First of all I learned that someone in Nigeria had died and all I had to do was respond to the unsolicited email from his poor unfortunate widow, son, daughter or pet cat (I can’t remember which) and I would get a share of the dead relative’s immense fortune that had, inexplicably, got itself stuck in a bank account somewhere.
Quite how this unfortunate person had found my details wasn’t made clear but who could fail to be moved this sad story of woe? Who could fail then to offer their personal banking details or to send over the “advance fee” that all of these messages eventually require from their naïve, unsuspecting and hopelessly gullible victims?
Then there was the later email I got from a representative of the World Bank. Well actually he claimed to represent the World Bank, the International Monetary Fund, the World Lottery Organisation and the World International Debt Reconciliation Committee. He probably also represented the United Nations, the League of Nations and The Holy Goat for all I know.
His message was cryptic but promising. Apparently they had “uncovered an outstanding unpaid/unclaimed sum of money in your name and a mandate has been given to our commitee, World Debt Reconciliation Committee, to contact you for the payment of your funds”. He told me that as soon as made contact with him my “Inheritance and Lottery Winning prize fund will be paid without any hitch”. What could be more exciting?
However it did strike me as slightly curious that despite representing almost every international organisation in the world apart from the Boy Scouts he was emailing me from a Hong Kong Yahoo address. Still, maybe that’s rising prices for you.
I made contact with this very important international representative and he asked me whether I would like the money delivered to my doorstep or whether I want to go to Spain to collect it from him personally. I’ve selected the doorstep option. I’ll let you know if, by any chance, a suitcase full of cash arrives. Somehow I suspect it won’t but maybe I’m just sceptical and not, as he hopes, gullible, naïve and idiotic.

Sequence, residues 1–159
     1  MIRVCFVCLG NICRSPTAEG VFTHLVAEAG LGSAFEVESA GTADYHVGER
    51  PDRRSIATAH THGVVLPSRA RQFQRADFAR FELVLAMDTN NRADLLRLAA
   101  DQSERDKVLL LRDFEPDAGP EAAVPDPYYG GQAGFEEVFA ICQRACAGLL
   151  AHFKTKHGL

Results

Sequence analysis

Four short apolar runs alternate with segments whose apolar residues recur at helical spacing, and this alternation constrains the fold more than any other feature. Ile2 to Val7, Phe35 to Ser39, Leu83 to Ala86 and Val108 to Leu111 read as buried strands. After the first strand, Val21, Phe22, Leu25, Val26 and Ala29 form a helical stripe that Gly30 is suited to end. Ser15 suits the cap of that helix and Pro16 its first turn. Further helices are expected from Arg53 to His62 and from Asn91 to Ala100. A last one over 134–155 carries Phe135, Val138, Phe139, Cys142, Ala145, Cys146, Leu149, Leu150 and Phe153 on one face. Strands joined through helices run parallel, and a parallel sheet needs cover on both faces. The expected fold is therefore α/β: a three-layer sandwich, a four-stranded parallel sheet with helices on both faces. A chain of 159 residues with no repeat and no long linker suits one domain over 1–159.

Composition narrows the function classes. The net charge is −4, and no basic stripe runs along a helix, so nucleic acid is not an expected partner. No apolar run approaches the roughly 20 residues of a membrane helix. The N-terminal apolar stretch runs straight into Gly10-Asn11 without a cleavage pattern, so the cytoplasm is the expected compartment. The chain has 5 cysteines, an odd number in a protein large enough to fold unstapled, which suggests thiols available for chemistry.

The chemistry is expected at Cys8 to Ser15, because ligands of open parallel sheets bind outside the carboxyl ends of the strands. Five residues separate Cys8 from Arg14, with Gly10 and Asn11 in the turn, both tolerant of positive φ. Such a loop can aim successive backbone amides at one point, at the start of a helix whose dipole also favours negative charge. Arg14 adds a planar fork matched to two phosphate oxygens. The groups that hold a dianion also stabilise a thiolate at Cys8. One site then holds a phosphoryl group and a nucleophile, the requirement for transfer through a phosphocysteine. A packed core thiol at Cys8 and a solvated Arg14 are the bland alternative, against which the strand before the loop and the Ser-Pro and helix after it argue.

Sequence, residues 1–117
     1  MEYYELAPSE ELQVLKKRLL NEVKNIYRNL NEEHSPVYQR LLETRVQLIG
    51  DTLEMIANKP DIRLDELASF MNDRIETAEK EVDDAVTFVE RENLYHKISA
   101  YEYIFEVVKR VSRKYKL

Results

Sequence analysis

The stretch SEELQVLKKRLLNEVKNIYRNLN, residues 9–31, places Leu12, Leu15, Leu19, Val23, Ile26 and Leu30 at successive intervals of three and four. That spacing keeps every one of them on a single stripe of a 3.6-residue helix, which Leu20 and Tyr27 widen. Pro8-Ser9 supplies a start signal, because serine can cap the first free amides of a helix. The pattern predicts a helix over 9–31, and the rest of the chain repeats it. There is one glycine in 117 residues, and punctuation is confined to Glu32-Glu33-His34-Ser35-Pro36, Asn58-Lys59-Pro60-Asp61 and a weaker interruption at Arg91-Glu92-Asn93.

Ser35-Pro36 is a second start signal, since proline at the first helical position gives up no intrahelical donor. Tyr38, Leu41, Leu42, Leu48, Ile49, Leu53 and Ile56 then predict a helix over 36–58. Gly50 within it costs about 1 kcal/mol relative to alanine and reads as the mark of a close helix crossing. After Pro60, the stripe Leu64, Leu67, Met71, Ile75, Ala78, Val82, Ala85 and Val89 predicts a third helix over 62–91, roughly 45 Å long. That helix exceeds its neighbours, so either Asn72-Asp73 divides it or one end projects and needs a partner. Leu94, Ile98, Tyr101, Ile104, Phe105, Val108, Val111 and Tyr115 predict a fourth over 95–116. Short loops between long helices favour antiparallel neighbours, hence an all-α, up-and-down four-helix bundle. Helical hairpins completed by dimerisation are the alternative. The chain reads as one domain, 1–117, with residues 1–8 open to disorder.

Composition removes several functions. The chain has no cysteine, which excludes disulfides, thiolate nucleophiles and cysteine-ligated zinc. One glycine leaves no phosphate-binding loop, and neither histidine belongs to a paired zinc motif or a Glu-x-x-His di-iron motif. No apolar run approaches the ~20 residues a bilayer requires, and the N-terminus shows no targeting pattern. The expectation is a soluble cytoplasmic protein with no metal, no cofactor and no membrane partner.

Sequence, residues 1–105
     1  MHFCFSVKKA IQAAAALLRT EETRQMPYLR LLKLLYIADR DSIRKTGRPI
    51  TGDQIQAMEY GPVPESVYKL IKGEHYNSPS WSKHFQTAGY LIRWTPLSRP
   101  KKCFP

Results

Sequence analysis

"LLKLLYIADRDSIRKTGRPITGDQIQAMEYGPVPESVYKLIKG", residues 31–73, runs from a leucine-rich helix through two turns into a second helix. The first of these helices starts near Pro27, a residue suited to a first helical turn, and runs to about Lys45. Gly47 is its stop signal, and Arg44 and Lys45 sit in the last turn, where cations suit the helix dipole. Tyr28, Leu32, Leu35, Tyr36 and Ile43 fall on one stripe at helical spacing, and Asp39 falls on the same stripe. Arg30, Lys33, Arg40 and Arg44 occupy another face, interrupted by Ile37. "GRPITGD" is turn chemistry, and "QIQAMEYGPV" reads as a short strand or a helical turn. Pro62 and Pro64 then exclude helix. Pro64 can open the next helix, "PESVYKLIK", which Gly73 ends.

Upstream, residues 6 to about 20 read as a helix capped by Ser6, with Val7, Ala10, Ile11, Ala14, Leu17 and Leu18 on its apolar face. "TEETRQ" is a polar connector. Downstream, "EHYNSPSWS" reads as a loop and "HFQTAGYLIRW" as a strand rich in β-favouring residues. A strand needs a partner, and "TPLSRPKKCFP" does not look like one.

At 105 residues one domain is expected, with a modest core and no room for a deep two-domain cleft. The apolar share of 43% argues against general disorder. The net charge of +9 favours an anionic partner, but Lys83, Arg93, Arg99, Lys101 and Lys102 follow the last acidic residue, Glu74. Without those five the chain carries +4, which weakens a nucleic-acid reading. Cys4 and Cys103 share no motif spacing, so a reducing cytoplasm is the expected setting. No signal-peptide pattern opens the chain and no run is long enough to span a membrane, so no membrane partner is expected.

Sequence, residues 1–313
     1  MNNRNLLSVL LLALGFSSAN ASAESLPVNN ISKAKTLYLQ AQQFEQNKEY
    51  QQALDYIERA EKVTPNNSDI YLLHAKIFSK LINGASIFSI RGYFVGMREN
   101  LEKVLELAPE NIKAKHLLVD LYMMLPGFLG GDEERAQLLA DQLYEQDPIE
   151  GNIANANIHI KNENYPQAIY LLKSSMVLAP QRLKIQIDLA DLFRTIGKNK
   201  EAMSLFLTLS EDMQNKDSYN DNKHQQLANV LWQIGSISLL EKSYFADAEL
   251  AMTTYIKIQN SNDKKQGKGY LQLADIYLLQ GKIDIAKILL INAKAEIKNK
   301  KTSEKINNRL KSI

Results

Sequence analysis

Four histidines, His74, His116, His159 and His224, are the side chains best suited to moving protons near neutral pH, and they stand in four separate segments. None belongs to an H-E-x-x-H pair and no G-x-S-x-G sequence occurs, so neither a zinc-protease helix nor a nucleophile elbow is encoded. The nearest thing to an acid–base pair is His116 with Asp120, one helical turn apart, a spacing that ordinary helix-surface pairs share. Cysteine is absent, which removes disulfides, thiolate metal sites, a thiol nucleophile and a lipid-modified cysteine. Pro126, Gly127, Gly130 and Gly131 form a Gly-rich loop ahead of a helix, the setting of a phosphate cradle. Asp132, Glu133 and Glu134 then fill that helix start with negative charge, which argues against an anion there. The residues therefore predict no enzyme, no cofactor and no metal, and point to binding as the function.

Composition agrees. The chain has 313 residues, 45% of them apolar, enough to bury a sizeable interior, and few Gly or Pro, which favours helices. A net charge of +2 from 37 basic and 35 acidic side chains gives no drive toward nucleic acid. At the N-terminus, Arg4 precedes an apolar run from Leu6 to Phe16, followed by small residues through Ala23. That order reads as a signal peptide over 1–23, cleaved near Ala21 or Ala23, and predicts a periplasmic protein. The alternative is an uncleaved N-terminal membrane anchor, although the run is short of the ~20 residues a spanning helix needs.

The next incident like this happened just a few days ago when someone called us at Consumer Watchdog to ask our advice after he received an exciting text message on his phone. The message was very simple. Our caller had won a Toyota Landcruiser. All he had to do was call a number that turned out to be in Tanzania and the car would be his. Our rather smart caller was sceptical. So were we. When we looked closely, the message had come from a Kenyan number so why would we need to call a Tanzanian one?
More importantly there was a bigger point. A sad one. A truly tragic realisation that, sooner or later, we all have to accept.
Nobody is ever going to give you a free Landcruiser. It’s simply not going to happen, not ever. It never has happened and it never will happen. So give up hoping now.
The lesson from all of these messages is that miracles really don’t happen. You’ll never actually get millions from anonymous Nigerians. Nobody is going to send you a lottery payout for a lottery you didn’t enter. International organisations don’t just go round giving total strangers suitcases full of cash. They really don’t.
Then there was the last email I got that almost falls into the same category. This was the loathsome one, the one that really made me angry. All the others had either made me laugh or had depressed me when I was reminded of the incredible gullibility that abounds.
This was an old-fashioned chain email from South Africa. It began with the scary suggestion that “The Government is planning to close the child protection unit and this is a petition against it”. It then proceeded to give details of revolting cases of child murder, rape and abuse. The email had pictures attached that claimed to show the dismembered body of a baby although I’ve no idea what relevance this had to the child protection unit. I’ll be honest, I didn’t open the pictures because I have a perfectly clear idea of what horror looks like and I don’t need to be reminded.
The email is a lie. A complete and utter lie. The South African Government has absolutely no plans to close any child protection service. A quick Google search found a statement from the South African Police Service begging people to stop circulating these awful pictures and the lying email because it’s taking up their time when they should be out there catching criminals.
I couldn’t help but observe something about this and other hysterical South African emails I’ve received in the past. I don’t think any black people were on the circulation list. Every surname I could read was what you might call a “traditionally white” surname. Of course this is a very crude assumption but you probably get my point. There’s a nasty hint of racism in this type of email. There’s a hint of that feeling that is still apparent in what I hope is a small section of our South African cousins that the “black” government are doing nasty and wicked things like failing to protect children, unlike in the “Good Old Days”.
Like all unsolicited contacts from strangers we consumers have to remain sceptical. Nothing is for free, nobody is going to give you a fortune unless you’ve earned it and just because something appears in an email, don’t assume it’s true because very often it’s just a damnable lie.
This week’s stars!
- Thandie Maitlhoko from Mascom at Riverwalk for being friendly and for going the extra mile.
- Mrs V Botlhale from Department of Taxes for being understanding, jolly and helpful.
- Eric also from Taxes for being helpful, chatty and friendly. Our reader asks “What is it about this Department that makes them so good”? We’re going to find out!